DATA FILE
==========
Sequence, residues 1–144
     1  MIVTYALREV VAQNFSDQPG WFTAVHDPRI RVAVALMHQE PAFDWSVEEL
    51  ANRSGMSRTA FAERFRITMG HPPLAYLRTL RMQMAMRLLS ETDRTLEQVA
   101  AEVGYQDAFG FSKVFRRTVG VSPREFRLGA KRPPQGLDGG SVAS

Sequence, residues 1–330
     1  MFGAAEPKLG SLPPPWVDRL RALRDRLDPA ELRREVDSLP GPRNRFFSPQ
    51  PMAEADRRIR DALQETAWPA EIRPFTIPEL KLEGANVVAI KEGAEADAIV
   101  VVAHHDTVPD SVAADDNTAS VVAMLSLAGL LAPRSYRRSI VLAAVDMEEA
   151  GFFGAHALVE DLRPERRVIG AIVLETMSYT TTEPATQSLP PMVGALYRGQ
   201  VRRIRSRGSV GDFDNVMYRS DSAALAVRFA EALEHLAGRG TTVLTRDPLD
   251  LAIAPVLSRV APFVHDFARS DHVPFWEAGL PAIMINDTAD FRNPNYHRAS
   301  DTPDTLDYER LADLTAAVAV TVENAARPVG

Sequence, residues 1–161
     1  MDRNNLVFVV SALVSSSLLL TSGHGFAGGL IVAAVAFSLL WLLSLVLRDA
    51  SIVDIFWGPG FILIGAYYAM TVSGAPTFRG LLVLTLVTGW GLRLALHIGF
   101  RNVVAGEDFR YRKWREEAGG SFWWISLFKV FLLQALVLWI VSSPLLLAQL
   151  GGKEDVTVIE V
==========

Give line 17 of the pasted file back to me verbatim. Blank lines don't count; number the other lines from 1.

   151  GGKEDVTVIE V